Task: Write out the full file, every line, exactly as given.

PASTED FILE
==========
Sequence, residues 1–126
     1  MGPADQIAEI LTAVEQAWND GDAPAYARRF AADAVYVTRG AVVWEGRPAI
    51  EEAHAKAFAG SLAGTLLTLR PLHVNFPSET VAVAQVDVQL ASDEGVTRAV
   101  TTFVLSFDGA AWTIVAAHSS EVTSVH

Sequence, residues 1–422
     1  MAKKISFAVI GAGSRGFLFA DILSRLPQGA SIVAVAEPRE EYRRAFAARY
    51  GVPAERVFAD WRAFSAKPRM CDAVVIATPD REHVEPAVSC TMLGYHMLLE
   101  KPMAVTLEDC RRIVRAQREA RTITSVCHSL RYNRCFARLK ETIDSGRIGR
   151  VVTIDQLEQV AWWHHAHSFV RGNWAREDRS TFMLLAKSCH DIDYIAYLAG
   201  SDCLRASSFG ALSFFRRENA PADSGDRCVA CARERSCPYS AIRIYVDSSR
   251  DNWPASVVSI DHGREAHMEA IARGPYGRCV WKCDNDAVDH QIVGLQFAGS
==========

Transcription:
Sequence, residues 1–126
     1  MGPADQIAEI LTAVEQAWND GDAPAYARRF AADAVYVTRG AVVWEGRPAI
    51  EEAHAKAFAG SLAGTLLTLR PLHVNFPSET VAVAQVDVQL ASDEGVTRAV
   101  TTFVLSFDGA AWTIVAAHSS EVTSVH

Sequence, residues 1–422
     1  MAKKISFAVI GAGSRGFLFA DILSRLPQGA SIVAVAEPRE EYRRAFAARY
    51  GVPAERVFAD WRAFSAKPRM CDAVVIATPD REHVEPAVSC TMLGYHMLLE
   101  KPMAVTLEDC RRIVRAQREA RTITSVCHSL RYNRCFARLK ETIDSGRIGR
   151  VVTIDQLEQV AWWHHAHSFV RGNWAREDRS TFMLLAKSCH DIDYIAYLAG
   201  SDCLRASSFG ALSFFRRENA PADSGDRCVA CARERSCPYS AIRIYVDSSR
   251  DNWPASVVSI DHGREAHMEA IARGPYGRCV WKCDNDAVDH QIVGLQFAGS